Aarne’s review published on Letterboxd:
I'm in love with Spider-Man's aunt!
Spider-Man: Far from Home is the second Spider-Man film in the MCU and the final film in phase three. It follows a very similar style to Homecoming, and it works just as well in creating a funny and tremendously entertaining movie.
I was a huge fan of casting Tom Holland as Spider-Man as soon as I had seen Homecoming. He is fantastic in the role, and feels the most like Spider-Man, out of all the actors that have played him. His performance in Far from Home is just as good, and as far as I'm concerned, the best thing in the film. Having watched some of his interviews, it's clear that a lot of his personality shines through in his performance and makes Peter Parker, as well as Spider-Man, genuinely feel like an awkward teenager. But thankfully, the supporting cast is also awesome. I especially like Ned, played by Jacob Batalon, who Holland has fantastic chemistry with. Most of the comedy comes either solely from Ned, or them together, and it all works. Indeed, I thought that Far from Home was a tremendously funny film. There were multiple laugh-out-loud moments, and the humour captured the awkwardness of teenage years perfectly, creating a surprisingly funny and lighthearted superhero film.
This time, the story takes Peter and his friends on a school trip across Europe. Although he would like to enjoy his holiday and realize the plan he has made to woo MJ, things don't go according to plan. He soon realizes that he isn't going to get the holiday he was expecting, as an Avengers level threat is endangering the world and his friends. He, alongside a new hero from another dimension, Mysterio, must join forces to save the world from the new threat. However, Peter eventually finds out that Mysterio isn't who he has been claiming to be, and he is forced to save the world from someone he mistook for an ally.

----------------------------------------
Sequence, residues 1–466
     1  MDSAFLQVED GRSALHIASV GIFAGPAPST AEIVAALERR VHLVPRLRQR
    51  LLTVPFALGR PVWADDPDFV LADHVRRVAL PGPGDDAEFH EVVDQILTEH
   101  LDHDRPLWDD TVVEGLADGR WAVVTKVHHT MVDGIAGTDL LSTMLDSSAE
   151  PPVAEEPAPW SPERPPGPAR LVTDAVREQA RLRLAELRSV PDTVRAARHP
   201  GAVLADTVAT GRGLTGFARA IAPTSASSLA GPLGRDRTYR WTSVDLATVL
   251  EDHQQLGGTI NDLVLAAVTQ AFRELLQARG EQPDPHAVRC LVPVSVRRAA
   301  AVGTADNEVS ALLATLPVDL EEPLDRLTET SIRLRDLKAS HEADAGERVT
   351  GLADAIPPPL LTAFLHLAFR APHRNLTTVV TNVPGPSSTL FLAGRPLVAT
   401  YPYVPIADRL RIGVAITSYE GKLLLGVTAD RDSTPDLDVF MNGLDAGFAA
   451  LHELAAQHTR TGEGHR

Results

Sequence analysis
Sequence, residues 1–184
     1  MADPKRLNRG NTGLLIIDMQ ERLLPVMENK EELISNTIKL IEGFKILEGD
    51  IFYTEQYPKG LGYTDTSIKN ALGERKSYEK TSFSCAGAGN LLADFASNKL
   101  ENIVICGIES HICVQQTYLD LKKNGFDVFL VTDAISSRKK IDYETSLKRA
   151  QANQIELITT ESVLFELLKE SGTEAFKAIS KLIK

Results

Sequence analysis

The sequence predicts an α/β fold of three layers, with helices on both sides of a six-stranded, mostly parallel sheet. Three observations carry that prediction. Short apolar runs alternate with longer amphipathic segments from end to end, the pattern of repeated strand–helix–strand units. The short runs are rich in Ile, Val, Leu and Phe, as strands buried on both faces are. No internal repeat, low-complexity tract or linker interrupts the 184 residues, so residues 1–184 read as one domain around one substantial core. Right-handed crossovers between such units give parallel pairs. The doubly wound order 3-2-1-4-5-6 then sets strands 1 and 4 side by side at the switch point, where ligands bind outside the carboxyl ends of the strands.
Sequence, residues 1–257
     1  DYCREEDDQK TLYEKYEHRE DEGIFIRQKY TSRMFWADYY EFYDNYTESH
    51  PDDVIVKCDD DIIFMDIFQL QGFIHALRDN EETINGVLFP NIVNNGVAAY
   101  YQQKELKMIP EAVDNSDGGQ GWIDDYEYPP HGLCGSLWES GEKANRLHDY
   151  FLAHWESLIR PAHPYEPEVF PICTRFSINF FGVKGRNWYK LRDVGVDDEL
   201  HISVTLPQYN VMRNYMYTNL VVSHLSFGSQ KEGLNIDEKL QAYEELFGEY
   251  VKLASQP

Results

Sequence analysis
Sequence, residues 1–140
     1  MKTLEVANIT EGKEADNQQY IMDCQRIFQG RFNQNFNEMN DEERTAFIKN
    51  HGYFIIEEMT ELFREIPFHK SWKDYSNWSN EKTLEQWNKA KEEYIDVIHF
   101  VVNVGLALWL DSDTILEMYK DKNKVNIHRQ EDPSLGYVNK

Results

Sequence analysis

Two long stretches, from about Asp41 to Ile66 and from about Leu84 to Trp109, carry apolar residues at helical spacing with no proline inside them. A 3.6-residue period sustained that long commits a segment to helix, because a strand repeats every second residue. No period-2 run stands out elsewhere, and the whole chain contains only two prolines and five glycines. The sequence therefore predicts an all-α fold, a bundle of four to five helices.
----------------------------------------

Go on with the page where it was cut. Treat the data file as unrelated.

While it isn't the most original story, and while a lot of it serves to tie any loose ends left behind by Endgame, it's a story that offers a bunch of great moments. And for those who love the MCU as a whole, myself included, Far from Home is a great way the end phase three and leave the road open to whatever might come in the future.
With all that being said, I do have to admit that I'm a huge fan of the MCU and any films in it will probably receive a higher rating from me than they should. And that's also where a lot of the problems arise. Since the MCU is as far as it is, and has as many films is it does, it has reached a point where so much of the film's enjoyment comes from references to past events, that I genuinely feel like Far from Home would be quite unenjoyable if you went into it without having seen all the other films. While that is an unlikely scenario, it is, of course, possible, that fans of Spider-Man might only want to watch Spider-Man films and not an onslaught of other superhero movies. As such, it's hard to see Far from Home working as a standalone film, or even paired with Homecoming. There are so many moments, both funny and more serious, that rely on fairly extensive knowledge of the MCU, that even as a fan, I sometimes felt like I really had to dig around my memory to make the connections. But, that is also what makes the MCU so fantastic as a whole. No other film series has ever attempted anything as ambitious as the MCU and succeeded in it. And as a part of that universe, and for a fan like me, Spider-Man: Far from Home works wonders.
This second instalment of these MCU Spider-Man films is as much another Spider-Man film, as it is a conclusion for phase three. It's the perfect companion piece for Endgame, and it leaves the saga in a place where it can go to any direction it wants to. But it's also a great sequel to Homecoming. With a familiar sense of humour, and a great cast all around, it really is a refreshing break from some of the far more serious films in the MCU, just like Homecoming was.